Good morning, Quartz readers!
Apple is close to reaching a $3 trillion market cap. The company’s shares have been on a roll since unveiling the Vision Pro headset, scoring a new high.
Microsoft’s purchase of Activision Blizzard is facing a new obstacle in the US. The Federal Trade Commission wants to block the $69 billion deal.
JPMorgan is settling with Jeffrey Epstein’s victims. The world’s largest bank was accused of turning a blind eye to the late sex offender’s dealings.
Silvio Berlusconi has died. The former Italian prime minister shaped his country for decades to come—and not for the better.
AI helped Paul McCartney create one last Beatles song. A software extrapolated John Lennon’s voice from a demo to compose the band’s last tune.
Some of the plaintiffs of Held v Montana—a lawsuit in the US state of Montana that deals with the constitutional right to a “clean and healthful environment”—are so young that they won’t even testify during the trial. But most of the 16 youths, ranging in age from two to 18 at time of filing, are expected to testify this week in the first US trial of its kind. The case aims to establish a governmental duty to protect citizens from climate change, as it happened in the Netherlands.
Joining China’s electric vehicle price war wasn’t on Nio’s itinerary, but six price cuts from Tesla alone this year have made some detours unavoidable.
The Chinese EV maker is trimming $4,200 from its price tags to rev up competition with Tesla, BYD, and others. It’s also getting rid of its free battery swap program. But what is the third most attractive EV stock in China with a $13 billion valuation trying to fend off, exactly? Well, there are a few roadblocks:
😋 Luxury EV maker Lucid is hungry, and wants a slice of China’s auto market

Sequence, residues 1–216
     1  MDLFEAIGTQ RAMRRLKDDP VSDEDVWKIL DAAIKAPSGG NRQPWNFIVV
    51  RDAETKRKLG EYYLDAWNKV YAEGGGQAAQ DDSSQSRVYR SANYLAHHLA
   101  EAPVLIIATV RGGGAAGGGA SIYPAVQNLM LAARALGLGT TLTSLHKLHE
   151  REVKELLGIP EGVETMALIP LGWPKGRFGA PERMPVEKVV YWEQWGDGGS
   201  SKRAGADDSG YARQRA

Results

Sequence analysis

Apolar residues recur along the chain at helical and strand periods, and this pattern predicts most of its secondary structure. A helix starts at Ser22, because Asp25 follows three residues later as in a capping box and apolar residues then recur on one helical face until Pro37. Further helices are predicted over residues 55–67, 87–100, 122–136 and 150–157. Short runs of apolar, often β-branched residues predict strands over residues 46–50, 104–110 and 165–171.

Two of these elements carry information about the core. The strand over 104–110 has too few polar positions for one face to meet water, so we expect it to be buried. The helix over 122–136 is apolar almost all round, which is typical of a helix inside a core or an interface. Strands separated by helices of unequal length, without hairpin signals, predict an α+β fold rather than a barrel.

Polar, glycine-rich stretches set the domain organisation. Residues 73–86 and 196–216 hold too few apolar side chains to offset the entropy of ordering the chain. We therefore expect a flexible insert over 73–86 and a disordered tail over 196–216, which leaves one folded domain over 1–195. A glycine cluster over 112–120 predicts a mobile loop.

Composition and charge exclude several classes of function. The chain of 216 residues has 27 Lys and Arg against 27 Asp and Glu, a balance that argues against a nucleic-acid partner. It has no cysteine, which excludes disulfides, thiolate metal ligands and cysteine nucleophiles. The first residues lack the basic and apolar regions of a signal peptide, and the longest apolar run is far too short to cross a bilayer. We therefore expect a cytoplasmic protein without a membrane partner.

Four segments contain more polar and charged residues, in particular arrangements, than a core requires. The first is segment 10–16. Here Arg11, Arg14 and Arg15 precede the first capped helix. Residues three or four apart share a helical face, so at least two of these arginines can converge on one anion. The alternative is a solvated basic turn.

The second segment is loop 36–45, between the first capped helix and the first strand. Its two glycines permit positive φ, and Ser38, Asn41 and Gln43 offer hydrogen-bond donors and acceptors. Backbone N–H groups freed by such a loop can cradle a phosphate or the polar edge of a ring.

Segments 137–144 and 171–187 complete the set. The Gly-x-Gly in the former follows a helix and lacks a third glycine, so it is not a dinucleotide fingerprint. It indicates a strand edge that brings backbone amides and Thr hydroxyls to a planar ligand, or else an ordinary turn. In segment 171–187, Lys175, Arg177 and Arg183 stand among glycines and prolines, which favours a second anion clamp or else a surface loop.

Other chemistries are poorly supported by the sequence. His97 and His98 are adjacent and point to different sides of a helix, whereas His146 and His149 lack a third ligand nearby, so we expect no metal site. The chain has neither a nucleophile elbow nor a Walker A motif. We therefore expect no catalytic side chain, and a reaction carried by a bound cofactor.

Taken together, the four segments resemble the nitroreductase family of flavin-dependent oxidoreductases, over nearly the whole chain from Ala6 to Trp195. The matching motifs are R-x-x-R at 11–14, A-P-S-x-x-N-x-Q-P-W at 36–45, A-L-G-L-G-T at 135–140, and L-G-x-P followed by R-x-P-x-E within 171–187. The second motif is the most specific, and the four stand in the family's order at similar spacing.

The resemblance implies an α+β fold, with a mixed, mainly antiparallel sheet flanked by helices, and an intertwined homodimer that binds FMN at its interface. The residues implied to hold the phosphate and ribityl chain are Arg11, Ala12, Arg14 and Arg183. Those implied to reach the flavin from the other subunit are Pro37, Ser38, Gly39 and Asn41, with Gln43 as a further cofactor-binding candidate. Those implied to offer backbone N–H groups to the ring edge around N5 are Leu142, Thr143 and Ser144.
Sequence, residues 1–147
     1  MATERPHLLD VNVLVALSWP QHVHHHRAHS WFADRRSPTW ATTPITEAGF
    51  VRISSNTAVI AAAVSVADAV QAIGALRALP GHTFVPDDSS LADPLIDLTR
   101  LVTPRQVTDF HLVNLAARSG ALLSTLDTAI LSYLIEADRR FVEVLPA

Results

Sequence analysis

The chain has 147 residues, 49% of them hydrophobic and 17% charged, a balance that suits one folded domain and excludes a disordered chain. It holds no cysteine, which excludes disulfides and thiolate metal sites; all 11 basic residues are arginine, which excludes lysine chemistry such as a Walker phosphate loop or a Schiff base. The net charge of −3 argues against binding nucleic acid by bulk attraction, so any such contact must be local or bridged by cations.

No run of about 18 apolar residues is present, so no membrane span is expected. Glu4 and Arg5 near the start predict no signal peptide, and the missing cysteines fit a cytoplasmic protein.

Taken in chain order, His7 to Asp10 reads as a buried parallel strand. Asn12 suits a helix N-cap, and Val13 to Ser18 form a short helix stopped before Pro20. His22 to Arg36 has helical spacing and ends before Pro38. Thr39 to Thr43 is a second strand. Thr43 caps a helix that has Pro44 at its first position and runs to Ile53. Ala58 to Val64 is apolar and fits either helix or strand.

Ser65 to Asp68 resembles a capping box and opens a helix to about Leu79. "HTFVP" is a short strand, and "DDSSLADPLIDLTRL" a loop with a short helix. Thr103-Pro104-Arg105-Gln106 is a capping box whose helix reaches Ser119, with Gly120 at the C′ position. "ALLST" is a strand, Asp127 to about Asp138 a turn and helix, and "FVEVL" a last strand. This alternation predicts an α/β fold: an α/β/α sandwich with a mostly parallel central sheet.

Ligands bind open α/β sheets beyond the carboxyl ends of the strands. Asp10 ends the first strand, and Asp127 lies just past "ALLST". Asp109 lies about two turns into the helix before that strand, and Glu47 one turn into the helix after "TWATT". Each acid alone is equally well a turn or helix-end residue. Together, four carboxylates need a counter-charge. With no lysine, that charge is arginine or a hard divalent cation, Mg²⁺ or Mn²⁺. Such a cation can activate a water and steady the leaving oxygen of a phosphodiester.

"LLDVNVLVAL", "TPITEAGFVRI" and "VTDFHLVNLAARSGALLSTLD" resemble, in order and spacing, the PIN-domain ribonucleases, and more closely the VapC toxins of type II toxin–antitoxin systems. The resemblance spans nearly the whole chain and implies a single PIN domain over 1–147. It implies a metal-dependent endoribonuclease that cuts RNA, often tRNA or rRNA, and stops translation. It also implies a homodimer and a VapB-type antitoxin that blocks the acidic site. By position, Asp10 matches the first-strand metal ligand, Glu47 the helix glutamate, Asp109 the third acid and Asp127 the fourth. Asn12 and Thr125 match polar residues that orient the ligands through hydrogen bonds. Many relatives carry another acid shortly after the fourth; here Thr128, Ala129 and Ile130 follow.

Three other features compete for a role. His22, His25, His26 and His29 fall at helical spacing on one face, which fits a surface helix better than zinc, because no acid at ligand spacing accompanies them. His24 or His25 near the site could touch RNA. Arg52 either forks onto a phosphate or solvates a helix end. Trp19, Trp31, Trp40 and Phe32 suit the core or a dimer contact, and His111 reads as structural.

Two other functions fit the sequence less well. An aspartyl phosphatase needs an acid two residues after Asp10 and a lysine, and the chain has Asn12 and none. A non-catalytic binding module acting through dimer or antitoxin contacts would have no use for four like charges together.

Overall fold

🤑 Tesla has made its cars nearly 50% cheaper in China than they are in the US
😱 BYD, China’s largest EV company, had some BIG profit growth last year—like, 446%
The number of people in the UK who will receive £1,600 ($1,984) a month for the next two years as part of a universal basic income pilot
How many pilots like this do we really need to prove giving away money works? Quartz’s Tim Fernholz explains what these experiments can and can’t teach us.
Successioncore is filling closets. Wearers of taupe suits and cashmere sweaters are all about that soft power.
A $3.4 million luxury Speedmaster watch was found to be fake. It looked real enough to fool its maker.
A warmer planet is making plane rides much bumpier. Instances of severe turbulence are up 55% from 1979 to 2020 for North Atlantic trips.
Avoiding short-term indulgences doesn’t make you happy or healthier in the long-term. In fact, giving into short-term desires—strategically, that is—may improve our wellbeing. In other words: eat the cake.
Don’t throw away that creepy doll in your grandparents’ basement. It could sell for $66,000 at an auction.
Our best wishes for a productive day. Send any news, comments, mauve blazers, and chocolate cake to email@example.com. Reader support makes Quartz available to all—become a member. Today’s Daily Brief was brought to you by Sofia Lotto Persio and Morgan Haefner.